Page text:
The UK is in the grip of a housing crisis, with a severe shortage in some areas of affordable homes specifically social homes for rent. Despite these pressing issues, the government has failed to use its position as a major land owner to develop and execute an effective strategy to meet land disposal targets. We are incredibly disappointed that the Ministry for Housing, Communities and Local Government will miss its target for releasing land for new homes by such a wide margin. By the end of the programme, the Department estimates it will have failed to sell the land needed for 91,000 of the homes promised under the target, equivalent to 57% of the overall target. This target was clearly unrealistic from the outset and, as we were concerned to discover during the inquiry, lacked a sufficient and rigorous evidence base when it was originally set. The Cabinet Office is expected to achieve its proceeds target, despite almost all departments being on course to miss their individual targets. However, this is because of one big unplanned sale that contributed almost £1.5 billion of the £5 billion target. It is unacceptable for the outcomes of these crucial programmes to be reliant upon luck instead of judgement.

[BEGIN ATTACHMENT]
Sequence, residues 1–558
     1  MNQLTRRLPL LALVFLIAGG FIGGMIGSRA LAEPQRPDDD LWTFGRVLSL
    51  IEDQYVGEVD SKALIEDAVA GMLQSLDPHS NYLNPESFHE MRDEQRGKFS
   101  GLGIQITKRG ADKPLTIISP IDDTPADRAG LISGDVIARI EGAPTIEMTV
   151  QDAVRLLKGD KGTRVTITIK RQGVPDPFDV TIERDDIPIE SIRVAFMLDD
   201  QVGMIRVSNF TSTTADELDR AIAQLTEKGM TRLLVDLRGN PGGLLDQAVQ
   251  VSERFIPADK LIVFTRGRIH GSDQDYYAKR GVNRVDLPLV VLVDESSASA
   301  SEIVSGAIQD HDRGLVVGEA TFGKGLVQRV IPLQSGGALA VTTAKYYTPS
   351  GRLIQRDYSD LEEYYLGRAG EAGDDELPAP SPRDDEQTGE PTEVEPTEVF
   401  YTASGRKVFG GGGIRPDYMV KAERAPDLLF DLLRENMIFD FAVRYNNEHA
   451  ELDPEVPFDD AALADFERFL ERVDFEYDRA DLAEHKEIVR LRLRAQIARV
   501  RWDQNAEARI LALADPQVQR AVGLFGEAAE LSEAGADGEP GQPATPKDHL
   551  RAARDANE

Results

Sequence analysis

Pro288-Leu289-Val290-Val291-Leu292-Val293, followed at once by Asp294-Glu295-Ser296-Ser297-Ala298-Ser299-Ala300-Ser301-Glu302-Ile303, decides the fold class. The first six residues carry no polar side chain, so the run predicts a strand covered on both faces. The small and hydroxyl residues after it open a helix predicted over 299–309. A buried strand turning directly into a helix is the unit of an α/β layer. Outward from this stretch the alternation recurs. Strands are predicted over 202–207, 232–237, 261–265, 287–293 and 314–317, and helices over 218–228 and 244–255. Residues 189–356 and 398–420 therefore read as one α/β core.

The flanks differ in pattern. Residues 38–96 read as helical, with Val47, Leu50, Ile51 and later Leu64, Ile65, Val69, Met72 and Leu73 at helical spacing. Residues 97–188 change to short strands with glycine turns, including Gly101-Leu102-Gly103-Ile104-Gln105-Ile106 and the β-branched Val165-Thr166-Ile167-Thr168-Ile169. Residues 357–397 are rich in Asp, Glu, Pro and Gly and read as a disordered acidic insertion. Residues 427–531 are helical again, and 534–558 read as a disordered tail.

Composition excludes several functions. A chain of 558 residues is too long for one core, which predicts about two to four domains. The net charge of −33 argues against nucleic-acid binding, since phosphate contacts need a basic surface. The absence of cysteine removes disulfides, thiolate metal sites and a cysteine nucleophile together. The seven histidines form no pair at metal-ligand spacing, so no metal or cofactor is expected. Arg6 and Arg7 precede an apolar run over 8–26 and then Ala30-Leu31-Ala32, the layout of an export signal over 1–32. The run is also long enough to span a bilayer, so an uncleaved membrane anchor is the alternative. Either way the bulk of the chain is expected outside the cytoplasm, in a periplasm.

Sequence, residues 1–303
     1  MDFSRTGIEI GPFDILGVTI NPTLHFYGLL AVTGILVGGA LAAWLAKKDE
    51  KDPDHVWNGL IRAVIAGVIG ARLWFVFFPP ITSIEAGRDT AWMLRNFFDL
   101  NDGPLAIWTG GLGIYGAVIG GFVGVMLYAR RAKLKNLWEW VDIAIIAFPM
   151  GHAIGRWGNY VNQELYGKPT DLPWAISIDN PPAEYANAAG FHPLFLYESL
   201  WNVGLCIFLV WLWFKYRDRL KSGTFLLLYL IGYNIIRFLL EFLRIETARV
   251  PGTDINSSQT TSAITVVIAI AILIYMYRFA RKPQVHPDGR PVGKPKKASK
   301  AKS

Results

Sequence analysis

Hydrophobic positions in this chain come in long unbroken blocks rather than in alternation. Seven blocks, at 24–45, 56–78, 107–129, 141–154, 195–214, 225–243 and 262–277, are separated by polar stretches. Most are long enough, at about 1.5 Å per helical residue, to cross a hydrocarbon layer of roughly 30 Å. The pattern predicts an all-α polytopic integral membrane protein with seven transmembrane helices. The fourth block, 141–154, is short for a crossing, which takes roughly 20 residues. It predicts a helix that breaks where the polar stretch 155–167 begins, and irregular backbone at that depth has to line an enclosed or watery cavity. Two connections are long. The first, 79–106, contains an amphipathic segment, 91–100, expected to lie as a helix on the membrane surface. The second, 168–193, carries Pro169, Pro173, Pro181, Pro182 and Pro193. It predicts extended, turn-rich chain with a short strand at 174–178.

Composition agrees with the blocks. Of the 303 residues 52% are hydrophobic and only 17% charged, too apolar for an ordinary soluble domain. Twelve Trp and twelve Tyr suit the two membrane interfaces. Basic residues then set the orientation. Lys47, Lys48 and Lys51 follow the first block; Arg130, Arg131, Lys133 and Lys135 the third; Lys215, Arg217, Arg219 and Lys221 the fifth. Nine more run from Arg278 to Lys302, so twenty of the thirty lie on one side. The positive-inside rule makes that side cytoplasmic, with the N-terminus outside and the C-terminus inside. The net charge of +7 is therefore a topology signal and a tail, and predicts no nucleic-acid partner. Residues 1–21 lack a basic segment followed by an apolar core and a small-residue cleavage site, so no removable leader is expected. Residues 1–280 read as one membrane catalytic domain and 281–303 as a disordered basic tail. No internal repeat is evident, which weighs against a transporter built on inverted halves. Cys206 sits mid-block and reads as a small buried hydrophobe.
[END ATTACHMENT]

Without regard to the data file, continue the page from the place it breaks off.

Yet again, the government did not help itself by having muddled objectives at the outset. Government is optimistic that changes it has made will lead to improvements in the delivery of land disposals, but we are very concerned to see slow progress in areas we highlighted in previous reports, particularly the collection of data on affordable homes. We remain frustrated that the release of public land is not translating into enough actual homes for those that need them. Despite just 40,500 homes having been built since 2011, the Ministry of Housing, Communities and Local Government’s unacceptably loose definition of what constitutes a new home has artificially inflated the number of new homes that have been created.
Published: 24 July 2019